Missionary priests invite young adults to service
By Nissa LaPoint
On a recent visit to Denver, priests from the Missionary Servants of the Poor of the Third World came not to raise money but to ask young adults to give up everything and serve the poor.
“We’re not here to raise funds,” said Father Vincent Minnelli, M.S.P.
At the invitation of Denver Auxiliary Bishop James Conley, he flew from Peru with Father Salvatore Piredda, M.S.P., to speak to a group of adults about their order’s new mission and the peoples’ need for Christ. He also spoke to young adults during a recent Theology on Tap lecture in Denver.
The missionary ecclesial movement was founded in 1986 by Father Giovanni Salerno, an Italian priest who followed the Augustinian rule. He started the community after a trip to Peru where he discovered people in desperate need of spiritual and material aid.
Since it’s founding, the order has been approved in Cuzco, Peru, as a “public association of the faithful” and includes four different communities. There are 12 priests, 85 missionary sisters, 11 missionary families, four contemplative monks, and 27 seminarians in the order’s minor and major seminaries. The order uses Thomas a Kempis’ book “The Imitation of Christ” as their rule.
While helping the poorest of the poor with their material needs is crucial, the movement is primarily devoted to the human and spiritual education of the poor and abandoned children in Peru and Hungary.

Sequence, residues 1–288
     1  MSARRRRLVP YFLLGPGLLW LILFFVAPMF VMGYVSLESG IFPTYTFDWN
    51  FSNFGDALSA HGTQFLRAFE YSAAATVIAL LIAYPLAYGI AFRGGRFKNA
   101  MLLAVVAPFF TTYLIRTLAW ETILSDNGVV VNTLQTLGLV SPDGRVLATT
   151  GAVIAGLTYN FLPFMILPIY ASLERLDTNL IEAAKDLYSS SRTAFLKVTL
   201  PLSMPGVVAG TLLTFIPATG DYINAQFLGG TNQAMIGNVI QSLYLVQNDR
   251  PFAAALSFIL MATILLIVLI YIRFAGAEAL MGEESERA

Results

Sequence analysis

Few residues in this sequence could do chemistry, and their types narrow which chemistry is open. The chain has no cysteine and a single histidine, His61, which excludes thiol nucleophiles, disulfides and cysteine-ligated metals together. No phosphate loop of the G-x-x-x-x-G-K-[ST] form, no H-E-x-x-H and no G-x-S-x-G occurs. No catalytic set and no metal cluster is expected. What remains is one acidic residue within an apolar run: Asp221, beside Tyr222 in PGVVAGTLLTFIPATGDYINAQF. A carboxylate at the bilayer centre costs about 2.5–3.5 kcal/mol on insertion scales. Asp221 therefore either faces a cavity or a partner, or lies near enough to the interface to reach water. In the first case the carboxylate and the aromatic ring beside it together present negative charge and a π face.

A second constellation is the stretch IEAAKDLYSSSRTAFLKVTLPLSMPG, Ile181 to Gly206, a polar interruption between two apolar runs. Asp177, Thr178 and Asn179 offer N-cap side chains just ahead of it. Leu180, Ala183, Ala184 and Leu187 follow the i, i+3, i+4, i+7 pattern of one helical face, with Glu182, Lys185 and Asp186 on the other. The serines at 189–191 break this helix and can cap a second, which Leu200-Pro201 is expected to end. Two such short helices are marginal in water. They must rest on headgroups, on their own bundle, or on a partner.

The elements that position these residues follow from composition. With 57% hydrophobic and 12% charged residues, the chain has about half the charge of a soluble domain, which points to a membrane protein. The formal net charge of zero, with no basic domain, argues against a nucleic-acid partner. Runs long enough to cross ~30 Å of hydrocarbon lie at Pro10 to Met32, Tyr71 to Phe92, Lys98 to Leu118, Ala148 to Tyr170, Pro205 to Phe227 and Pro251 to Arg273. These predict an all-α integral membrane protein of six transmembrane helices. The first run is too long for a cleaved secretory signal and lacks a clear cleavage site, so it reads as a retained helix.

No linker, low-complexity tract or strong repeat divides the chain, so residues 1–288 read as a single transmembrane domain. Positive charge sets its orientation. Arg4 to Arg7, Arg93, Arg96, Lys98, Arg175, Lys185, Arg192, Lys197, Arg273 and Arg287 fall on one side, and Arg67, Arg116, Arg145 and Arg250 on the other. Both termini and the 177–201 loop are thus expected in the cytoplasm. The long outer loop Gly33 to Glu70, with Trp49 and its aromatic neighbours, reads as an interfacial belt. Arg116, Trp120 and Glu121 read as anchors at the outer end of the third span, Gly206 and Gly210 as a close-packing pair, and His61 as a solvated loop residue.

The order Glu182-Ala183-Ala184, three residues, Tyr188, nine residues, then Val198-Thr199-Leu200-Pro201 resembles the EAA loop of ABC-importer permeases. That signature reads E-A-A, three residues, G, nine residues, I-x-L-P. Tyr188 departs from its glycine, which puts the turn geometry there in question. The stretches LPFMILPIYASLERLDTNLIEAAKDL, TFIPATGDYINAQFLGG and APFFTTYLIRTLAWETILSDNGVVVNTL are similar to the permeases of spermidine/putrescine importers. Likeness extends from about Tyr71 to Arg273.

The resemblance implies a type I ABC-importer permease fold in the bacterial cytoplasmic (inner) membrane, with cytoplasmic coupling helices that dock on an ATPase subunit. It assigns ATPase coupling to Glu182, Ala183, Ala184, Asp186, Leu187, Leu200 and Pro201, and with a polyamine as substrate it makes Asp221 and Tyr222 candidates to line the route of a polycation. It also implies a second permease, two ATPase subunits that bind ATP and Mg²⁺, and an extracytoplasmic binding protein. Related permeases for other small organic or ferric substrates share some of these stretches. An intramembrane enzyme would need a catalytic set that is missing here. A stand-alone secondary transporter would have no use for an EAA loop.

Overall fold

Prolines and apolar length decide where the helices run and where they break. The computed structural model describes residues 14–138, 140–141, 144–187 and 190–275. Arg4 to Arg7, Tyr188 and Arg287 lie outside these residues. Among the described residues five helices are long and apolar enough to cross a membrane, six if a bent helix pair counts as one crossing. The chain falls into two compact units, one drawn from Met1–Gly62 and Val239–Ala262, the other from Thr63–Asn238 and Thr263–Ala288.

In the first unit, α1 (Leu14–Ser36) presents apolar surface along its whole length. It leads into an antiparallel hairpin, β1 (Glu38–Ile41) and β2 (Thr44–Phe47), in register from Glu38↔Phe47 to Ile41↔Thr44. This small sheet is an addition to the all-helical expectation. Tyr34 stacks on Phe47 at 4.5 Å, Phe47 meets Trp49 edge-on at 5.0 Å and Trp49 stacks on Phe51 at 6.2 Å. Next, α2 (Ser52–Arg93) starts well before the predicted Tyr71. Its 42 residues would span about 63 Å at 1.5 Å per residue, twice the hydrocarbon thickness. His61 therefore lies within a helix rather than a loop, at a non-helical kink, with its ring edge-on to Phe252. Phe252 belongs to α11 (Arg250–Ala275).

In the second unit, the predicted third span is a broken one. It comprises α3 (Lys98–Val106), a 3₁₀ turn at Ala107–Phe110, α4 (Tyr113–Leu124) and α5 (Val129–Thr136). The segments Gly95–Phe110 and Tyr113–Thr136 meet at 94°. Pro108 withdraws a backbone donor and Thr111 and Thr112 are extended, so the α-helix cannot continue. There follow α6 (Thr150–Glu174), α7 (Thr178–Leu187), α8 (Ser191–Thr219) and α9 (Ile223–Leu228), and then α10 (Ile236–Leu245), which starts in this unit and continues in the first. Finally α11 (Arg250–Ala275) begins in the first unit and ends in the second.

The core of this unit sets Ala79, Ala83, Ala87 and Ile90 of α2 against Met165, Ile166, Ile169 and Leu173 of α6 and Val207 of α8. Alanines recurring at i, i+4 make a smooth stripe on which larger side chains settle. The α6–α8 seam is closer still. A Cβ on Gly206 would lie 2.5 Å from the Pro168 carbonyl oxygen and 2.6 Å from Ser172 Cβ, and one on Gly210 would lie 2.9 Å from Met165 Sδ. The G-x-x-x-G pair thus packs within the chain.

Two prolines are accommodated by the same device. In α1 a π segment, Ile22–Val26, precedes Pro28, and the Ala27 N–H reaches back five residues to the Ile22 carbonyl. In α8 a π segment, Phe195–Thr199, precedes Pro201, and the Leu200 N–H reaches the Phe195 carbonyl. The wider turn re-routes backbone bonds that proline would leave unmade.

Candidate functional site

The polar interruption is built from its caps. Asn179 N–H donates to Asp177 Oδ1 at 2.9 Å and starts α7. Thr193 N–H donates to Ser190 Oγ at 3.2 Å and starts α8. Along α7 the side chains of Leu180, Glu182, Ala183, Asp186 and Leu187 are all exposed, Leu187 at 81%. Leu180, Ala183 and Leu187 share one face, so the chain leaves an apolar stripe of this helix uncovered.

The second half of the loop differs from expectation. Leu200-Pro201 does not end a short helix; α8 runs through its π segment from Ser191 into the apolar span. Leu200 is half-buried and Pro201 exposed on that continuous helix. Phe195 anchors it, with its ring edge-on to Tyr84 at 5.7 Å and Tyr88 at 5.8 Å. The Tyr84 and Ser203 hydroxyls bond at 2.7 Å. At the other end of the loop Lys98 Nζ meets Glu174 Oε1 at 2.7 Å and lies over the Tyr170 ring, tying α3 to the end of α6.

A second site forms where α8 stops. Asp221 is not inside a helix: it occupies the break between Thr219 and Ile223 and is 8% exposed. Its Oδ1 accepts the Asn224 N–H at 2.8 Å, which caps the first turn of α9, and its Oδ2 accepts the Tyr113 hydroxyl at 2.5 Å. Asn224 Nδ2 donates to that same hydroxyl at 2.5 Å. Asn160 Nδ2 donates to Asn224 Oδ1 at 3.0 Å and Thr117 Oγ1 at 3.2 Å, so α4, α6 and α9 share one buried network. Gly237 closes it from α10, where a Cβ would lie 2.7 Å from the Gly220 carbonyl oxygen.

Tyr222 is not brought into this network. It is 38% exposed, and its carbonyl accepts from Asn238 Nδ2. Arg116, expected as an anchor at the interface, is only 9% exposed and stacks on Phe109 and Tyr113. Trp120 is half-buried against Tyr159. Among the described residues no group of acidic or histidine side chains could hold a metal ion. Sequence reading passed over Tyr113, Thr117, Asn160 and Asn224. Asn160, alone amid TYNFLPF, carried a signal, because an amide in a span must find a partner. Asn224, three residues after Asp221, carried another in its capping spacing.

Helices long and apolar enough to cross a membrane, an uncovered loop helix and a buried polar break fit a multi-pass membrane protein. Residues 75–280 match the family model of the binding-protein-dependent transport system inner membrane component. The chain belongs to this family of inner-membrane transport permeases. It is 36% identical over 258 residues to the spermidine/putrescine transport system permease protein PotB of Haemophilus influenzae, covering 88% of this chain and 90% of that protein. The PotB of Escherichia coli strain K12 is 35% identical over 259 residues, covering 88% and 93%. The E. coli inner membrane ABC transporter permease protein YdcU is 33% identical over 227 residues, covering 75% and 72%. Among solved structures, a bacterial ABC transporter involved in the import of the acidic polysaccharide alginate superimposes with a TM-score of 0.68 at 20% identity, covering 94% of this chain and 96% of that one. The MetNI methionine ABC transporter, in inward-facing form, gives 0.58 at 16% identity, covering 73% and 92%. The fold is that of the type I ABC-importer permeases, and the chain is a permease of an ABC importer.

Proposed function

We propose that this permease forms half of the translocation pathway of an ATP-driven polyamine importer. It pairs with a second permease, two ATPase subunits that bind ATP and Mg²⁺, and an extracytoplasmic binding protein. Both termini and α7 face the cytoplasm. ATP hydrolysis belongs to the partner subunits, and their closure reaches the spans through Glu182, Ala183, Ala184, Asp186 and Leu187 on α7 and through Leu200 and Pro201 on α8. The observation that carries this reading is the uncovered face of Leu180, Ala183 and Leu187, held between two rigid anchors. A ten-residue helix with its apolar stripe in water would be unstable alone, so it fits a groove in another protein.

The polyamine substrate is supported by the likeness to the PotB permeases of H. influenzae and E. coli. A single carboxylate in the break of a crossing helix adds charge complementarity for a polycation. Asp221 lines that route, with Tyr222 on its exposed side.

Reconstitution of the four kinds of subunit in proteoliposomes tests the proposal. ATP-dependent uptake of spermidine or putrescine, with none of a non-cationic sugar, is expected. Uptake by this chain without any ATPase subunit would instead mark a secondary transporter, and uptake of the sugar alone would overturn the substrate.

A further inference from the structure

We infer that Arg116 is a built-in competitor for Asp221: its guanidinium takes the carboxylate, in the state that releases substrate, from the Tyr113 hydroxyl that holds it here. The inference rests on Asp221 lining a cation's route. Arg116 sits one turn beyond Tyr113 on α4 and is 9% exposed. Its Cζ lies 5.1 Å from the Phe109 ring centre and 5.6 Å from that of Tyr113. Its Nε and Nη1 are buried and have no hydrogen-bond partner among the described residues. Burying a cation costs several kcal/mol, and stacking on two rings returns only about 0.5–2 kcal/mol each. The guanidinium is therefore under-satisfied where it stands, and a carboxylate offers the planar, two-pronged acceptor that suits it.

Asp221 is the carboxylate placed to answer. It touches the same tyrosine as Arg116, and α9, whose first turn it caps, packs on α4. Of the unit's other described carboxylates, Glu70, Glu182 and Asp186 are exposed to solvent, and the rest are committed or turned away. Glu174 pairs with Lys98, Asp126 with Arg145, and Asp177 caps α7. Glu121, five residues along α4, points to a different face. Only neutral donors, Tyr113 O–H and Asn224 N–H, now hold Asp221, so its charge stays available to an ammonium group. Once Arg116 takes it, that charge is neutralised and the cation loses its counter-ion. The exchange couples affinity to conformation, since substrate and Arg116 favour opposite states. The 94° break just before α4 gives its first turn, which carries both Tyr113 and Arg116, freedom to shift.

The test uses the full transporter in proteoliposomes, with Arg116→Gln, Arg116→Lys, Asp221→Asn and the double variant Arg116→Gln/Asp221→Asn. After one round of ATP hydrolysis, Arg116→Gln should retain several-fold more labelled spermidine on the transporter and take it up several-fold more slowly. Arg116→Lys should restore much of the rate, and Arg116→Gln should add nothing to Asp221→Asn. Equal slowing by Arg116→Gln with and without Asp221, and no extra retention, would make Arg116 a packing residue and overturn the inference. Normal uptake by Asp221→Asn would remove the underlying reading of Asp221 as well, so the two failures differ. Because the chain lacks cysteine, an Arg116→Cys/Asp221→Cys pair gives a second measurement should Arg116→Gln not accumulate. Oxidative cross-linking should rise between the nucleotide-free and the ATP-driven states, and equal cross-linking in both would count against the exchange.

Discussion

“There’s no comparison between giving food and giving Christ,” Father Minnelli said.
The sisters and priests run two orphanages in the city and have cafeterias in the poorest villages where they feed some 950 children. The priests bring the sacraments to the city and the most remote villages. The movement also runs schools, soup kitchens, medical dispensaries and workshops. Serving the children’s needs is important, but, in a place where priests and the sacraments are rare, the missionaries work to spread the Gospel.
Father Minnelli shared that once he was in the villages surrounding Cuzco when a woman approached asking him to hear her confession and give her the anointing of the sick. She was preparing to die, he said, and didn’t know when she would see a priest again.
“I could have given her 300 pounds of milk or medicine, but I could have never been able to save her soul unless I was a priest,” he said.
In the villages, the poverty and lack of education is severe. Many live in one-room mud huts where there’s no running water or restrooms. Immoral behavior plagues the people, Father Minnelli said.
The movement has witnessed an improvement in Peruvian life both materially and morally when the people begin to follow Christ, he said.
“We see things change when people start to believe in God and they understand they have to behave in a moral way,” he said. “Faith brings their culture into a higher level.”
The movement is open to helping young adults discern a vocation. For more information, see accompanying box.
Missonary Servants of the Poor of the Third world
Mail to: Opus Christi Salvatoris Mundi,